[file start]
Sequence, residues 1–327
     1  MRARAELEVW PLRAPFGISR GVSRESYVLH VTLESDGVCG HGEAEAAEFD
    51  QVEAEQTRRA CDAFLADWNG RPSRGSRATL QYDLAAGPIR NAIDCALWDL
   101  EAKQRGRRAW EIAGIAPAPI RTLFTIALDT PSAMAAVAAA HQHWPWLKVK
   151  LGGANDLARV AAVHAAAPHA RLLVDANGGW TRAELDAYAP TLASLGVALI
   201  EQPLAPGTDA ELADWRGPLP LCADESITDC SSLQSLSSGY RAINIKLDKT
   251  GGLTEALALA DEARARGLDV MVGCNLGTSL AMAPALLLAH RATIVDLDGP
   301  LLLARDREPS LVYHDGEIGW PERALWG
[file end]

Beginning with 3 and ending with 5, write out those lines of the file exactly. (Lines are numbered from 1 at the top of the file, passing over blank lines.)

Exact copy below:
    51  QVEAEQTRRA CDAFLADWNG RPSRGSRATL QYDLAAGPIR NAIDCALWDL
   101  EAKQRGRRAW EIAGIAPAPI RTLFTIALDT PSAMAAVAAA HQHWPWLKVK
   151  LGGANDLARV AAVHAAAPHA RLLVDANGGW TRAELDAYAP TLASLGVALI